The Governor-General's House at Barrackpore
Artist: Locker, Edward Hawke (1777-1849)
Watercolour of the Governor-General's House at Barakpur in West Bengal, by Edward Hawke Locker (1777-1849), c. 1808. Inscribed: 'E.H. Locker 1808' and on the original mount: 'The Governor General's villa at Barrackpore on the river Hooghley. Drawn on the spot by Edward Hawke Locker, 1808'.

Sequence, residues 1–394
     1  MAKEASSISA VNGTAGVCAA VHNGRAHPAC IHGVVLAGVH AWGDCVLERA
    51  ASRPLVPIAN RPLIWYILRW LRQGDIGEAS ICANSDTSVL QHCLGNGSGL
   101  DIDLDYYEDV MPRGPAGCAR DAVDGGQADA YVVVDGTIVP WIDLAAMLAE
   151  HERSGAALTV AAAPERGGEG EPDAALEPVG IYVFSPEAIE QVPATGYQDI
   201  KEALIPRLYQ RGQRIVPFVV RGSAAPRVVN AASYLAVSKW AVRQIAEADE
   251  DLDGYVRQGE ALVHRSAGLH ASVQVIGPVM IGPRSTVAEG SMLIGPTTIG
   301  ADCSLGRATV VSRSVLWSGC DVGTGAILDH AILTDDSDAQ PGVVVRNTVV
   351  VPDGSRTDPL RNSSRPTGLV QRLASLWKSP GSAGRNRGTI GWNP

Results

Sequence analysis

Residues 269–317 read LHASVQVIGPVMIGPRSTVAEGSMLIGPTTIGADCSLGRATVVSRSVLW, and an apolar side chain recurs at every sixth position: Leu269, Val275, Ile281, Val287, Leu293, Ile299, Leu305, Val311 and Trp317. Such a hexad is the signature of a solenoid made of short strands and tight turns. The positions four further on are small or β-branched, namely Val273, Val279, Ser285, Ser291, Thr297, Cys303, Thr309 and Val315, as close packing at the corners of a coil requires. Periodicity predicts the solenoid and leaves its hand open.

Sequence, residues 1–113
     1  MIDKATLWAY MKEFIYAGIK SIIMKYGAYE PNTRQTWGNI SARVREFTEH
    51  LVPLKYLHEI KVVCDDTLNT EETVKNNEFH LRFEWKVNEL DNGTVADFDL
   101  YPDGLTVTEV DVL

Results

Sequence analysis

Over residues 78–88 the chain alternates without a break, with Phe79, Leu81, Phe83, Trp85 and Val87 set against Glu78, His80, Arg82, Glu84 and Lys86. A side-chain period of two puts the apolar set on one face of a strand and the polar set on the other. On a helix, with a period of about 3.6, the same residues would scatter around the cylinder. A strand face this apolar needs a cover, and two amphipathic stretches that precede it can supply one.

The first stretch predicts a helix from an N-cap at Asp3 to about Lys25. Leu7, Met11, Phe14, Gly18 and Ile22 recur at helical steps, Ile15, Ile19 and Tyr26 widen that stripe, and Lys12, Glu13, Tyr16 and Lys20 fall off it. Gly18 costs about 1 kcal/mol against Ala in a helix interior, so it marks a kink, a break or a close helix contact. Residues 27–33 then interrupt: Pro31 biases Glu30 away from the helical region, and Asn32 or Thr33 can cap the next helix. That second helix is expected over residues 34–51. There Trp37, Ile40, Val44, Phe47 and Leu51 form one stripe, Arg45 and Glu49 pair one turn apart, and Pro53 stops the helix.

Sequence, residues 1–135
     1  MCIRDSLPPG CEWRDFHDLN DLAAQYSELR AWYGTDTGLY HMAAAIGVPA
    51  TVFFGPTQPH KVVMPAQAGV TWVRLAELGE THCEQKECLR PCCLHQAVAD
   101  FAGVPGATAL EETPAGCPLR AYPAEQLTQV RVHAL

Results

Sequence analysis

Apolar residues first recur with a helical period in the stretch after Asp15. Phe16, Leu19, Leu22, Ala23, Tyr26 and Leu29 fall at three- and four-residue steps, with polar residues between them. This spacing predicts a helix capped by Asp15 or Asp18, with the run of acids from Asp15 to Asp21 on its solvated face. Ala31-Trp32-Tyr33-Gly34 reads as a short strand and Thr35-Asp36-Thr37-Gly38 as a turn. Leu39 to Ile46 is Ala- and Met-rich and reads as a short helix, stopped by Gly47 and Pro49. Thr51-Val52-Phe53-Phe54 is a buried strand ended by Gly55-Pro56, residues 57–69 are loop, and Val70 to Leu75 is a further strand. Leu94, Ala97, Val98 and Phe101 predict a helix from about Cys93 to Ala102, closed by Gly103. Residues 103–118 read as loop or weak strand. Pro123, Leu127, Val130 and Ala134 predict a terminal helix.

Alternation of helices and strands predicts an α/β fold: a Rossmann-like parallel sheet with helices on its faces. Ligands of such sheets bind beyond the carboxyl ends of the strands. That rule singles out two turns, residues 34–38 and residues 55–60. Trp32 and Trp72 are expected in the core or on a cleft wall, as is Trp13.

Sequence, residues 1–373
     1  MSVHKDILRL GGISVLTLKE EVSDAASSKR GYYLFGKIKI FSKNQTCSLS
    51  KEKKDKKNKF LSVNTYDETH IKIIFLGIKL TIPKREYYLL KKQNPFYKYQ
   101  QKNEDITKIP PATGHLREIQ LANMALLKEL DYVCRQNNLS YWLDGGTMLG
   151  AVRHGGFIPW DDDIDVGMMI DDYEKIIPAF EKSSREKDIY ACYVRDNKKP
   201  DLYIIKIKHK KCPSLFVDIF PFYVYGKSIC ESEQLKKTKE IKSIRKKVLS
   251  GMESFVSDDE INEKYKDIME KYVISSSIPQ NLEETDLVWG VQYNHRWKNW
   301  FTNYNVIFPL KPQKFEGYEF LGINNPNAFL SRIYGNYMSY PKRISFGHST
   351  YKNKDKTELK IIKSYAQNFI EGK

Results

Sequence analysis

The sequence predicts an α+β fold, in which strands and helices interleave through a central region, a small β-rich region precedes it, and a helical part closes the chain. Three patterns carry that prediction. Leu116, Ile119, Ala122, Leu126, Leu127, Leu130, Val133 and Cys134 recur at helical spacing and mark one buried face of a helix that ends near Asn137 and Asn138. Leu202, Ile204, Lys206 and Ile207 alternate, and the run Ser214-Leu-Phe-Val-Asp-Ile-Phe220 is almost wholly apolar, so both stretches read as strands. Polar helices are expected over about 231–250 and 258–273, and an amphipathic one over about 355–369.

Barakpur is located 14 miles from Calcutta and was originally a permanent barracks. When Marquess Wellesley took over the Commander-in-Chief's residence in 1801, he decided to make improvements to the area. He created a summer residence for future Governor-Generals' and he landscaped the gardens while adding an aviary, a menagerie and a theatre. As a result, Barrackpore Park became a popular place for leisure pursuits. The house in this view was commandeered by Wellesley as his country retreat and originally had three large rooms opening onto a verandah. Sir George Barlow, Governor-General from 1805-1807, converted the verandah into a series of smaller rooms. In 1814-15 the building was extended by the addition of a new storey by the Marquis of Hastings. George, Viscount Valentia, in his Voyages and Travels, Volume 1 (1811), described the house as being: 'pleasing, well adapted to the climate and the rooms on a very ample scale'.